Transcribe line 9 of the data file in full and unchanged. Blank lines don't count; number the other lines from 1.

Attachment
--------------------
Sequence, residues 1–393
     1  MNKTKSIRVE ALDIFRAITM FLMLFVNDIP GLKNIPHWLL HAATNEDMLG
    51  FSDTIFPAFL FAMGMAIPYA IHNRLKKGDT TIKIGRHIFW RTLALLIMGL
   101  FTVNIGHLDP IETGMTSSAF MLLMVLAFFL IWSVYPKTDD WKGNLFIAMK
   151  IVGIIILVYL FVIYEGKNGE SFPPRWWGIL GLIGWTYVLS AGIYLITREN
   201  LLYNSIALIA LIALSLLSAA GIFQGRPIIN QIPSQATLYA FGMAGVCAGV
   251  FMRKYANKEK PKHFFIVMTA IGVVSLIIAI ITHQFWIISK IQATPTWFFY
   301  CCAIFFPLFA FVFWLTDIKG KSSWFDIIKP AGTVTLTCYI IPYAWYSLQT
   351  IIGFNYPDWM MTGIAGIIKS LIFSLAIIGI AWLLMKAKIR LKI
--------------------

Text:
   351  IIGFNYPDWM MTGIAGIIKS LIFSLAIIGI AWLLMKAKIR LKI